Wednesday, February 4, 2009

"Que es Mas Macho?"

The header for this post is from an oft-repeated line from Laurie Anderson's wonderful 1986 movie, Home of the Brave. In this case, the source is as relevant as the tagline.

After Sarah Palin energized a certain subset of the arch-conservative base, it became popular to wonder if an Obama victory would bring the kind of vermin from the walls that Bill Clinton spurred with groups like the Michigan Militia. So far, the racism angle has remained in the background, and Obama's centrist slant has made it hard for the conspiratorial right to assemble complaints about the UN, socialism, New World Order, or the war in Afghanistan. Heck, a Pakistan invasion might be more likely under Obama than McCain!

Instead, wackos have been gathering at the center of the Venn diagram where cars, nationalism, the environment, and machismo converge. And the results might not be pretty.

Let's begin with the UAW campaign of late January to "Buy American." We all know that this was attempted in the late 1980s, when union organizers took sledgehammers to Datsuns in parking lots. It was stupid and jingoist then, and remains so today (check out response 220 in this link - the commenter has the audacity to invoke John Lennon). But when the UAW members opened the Pandora's box of working-class resentment, they found that many at the Detroit auto show said they wouldn't even buy a Volt (currently in deep trouble due to the financial meltdown), because electric cars and hybrids were for gays. Real men were proud of their large carbon footprint. In fact, some argued that industrial working-class jobs were inherently more manly than service or professional jobs. UAW leadership realized that this view could short-circuit the effort to canonize the line worker, and to depict the financial and corporate "Masters of the Universe" as the powerful men behind the scenes. Worse still, it reinforced the unfair image of industrial worker as a Neanderthal lout swinging a lug wrench around.

A recent article about a Colorado Prius owner who went on a road-rage rampage against pickup trucks spurred page after page of online responses, as readers reiterated the Michigan mantra that Priuses were for wussies. After all, readers said, caring about conservation and watching one's carbon footprint was such an effeminate activity. Real men loved to overconsume, to super-size everything, to drive their SUVs to their 5000-square-foot mansions, and all this talk of recession-inspired downsizing was just so much emasculation.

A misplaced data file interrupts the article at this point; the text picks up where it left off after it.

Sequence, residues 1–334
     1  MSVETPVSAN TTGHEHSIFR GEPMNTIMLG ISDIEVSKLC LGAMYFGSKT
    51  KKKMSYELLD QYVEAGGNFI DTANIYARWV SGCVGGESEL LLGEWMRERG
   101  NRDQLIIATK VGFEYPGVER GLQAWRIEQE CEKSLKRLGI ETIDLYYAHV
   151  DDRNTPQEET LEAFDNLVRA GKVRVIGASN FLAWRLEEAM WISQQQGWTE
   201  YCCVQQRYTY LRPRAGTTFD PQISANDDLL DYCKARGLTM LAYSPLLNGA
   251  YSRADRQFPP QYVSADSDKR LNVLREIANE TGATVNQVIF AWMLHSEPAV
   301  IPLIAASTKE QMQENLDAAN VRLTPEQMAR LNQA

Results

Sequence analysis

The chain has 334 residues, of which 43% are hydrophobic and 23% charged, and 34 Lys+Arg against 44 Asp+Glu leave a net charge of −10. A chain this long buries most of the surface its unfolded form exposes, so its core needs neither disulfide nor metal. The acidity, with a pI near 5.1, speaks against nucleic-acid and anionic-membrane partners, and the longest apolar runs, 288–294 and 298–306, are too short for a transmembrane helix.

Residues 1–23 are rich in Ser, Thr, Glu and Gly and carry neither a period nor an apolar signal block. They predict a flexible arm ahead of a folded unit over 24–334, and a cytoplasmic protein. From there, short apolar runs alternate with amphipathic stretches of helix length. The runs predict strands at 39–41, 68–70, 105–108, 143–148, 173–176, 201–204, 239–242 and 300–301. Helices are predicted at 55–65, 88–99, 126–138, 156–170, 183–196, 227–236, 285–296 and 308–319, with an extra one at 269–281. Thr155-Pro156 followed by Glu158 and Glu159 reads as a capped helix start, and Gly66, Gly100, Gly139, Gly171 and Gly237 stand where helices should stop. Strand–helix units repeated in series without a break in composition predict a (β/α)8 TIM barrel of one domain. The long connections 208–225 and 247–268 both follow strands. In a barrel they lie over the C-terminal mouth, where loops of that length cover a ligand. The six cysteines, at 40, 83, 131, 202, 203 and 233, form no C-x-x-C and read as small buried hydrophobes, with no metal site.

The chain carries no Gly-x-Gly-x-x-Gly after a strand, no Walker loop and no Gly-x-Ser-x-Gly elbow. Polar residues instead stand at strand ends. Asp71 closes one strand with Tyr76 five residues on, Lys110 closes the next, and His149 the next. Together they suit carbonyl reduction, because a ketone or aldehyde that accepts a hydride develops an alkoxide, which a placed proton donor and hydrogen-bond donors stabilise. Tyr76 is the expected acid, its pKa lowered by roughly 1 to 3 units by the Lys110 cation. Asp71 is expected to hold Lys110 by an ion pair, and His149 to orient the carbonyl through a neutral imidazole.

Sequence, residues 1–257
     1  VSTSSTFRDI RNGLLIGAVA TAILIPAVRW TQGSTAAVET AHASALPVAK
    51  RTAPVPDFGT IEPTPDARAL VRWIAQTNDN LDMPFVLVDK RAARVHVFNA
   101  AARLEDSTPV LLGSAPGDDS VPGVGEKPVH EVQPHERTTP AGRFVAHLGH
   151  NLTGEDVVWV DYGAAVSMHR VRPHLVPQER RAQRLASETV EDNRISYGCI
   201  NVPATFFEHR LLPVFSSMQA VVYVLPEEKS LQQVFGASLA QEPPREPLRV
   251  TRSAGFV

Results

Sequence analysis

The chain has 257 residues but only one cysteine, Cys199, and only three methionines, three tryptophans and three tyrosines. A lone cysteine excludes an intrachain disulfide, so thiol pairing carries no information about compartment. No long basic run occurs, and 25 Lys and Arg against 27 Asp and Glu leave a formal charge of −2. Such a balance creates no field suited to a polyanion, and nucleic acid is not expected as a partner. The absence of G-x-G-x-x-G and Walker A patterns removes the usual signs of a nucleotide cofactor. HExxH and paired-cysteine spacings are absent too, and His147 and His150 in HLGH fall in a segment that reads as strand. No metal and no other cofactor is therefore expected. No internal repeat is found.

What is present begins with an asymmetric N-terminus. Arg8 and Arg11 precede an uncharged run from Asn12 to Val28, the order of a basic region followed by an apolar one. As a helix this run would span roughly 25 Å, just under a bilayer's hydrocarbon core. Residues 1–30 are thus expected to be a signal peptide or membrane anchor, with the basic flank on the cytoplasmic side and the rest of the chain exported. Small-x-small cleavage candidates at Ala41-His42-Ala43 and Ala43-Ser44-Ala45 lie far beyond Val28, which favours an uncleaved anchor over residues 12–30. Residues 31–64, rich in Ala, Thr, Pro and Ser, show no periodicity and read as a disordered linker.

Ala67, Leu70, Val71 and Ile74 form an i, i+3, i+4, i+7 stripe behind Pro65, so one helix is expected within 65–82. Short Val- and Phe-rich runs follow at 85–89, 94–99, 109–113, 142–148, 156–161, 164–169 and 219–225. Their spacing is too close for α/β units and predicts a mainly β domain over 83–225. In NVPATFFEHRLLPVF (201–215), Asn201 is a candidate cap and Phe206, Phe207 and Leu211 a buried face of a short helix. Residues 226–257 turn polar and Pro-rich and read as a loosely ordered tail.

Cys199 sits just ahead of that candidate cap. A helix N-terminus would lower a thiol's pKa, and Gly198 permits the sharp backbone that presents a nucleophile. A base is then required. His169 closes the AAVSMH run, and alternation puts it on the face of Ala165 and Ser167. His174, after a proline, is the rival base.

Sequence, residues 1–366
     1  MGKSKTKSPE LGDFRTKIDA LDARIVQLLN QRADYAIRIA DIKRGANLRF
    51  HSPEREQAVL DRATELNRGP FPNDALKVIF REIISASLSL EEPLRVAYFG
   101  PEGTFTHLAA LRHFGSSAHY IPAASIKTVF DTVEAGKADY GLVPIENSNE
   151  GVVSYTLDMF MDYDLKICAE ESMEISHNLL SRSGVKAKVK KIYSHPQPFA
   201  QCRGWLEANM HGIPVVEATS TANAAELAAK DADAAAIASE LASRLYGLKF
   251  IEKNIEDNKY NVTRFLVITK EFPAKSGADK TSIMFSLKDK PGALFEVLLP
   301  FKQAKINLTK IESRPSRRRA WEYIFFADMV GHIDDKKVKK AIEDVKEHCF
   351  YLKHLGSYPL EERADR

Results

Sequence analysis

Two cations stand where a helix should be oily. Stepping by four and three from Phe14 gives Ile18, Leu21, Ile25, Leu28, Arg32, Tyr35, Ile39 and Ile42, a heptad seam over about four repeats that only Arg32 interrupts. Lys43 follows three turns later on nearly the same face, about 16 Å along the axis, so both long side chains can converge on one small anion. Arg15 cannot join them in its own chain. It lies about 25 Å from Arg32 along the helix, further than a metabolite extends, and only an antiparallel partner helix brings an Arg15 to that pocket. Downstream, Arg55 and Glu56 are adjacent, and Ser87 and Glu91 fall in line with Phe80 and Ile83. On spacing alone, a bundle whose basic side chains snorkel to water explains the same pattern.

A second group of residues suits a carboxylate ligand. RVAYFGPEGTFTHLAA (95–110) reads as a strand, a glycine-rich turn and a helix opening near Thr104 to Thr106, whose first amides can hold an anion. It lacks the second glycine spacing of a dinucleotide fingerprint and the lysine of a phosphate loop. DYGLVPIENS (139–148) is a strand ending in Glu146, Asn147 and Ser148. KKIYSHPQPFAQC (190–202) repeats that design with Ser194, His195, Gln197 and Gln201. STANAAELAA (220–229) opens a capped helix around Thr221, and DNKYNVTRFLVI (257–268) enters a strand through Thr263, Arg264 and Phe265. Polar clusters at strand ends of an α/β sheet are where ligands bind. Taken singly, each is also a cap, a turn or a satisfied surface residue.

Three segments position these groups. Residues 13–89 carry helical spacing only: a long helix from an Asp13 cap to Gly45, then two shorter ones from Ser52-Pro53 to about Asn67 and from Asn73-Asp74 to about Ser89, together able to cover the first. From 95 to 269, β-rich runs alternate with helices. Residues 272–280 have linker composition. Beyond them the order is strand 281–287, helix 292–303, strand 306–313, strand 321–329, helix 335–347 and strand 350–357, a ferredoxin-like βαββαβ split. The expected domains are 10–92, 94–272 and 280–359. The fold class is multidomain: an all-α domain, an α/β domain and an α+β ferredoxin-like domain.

This kind of thinking is wrong on so many levels, it circles back on itself and becomes right in its own perverse self-referential domain. Testosterone to a certain extent is indeed responsible for wars, imperialism, and "livin' large." To wilfully engage in self-denial might be seen as a form of castration. But whether you are one of the wacko global-warming deniers or not, to try to make an argument against cutting the waste and carbon production in your own life is lunacy of a new order we have yet to experience. To say that caring about the environment turns you into an "emasculated metrosexual" is an observation so addle-brained, it represents a new breed of Know-Nothing Party. To reject the notion of sustainability is as foolish as rejecting the scientific method (and there are a growing number of people, particularly conservative Christians, that see the scientific method and rational discourse as satanic).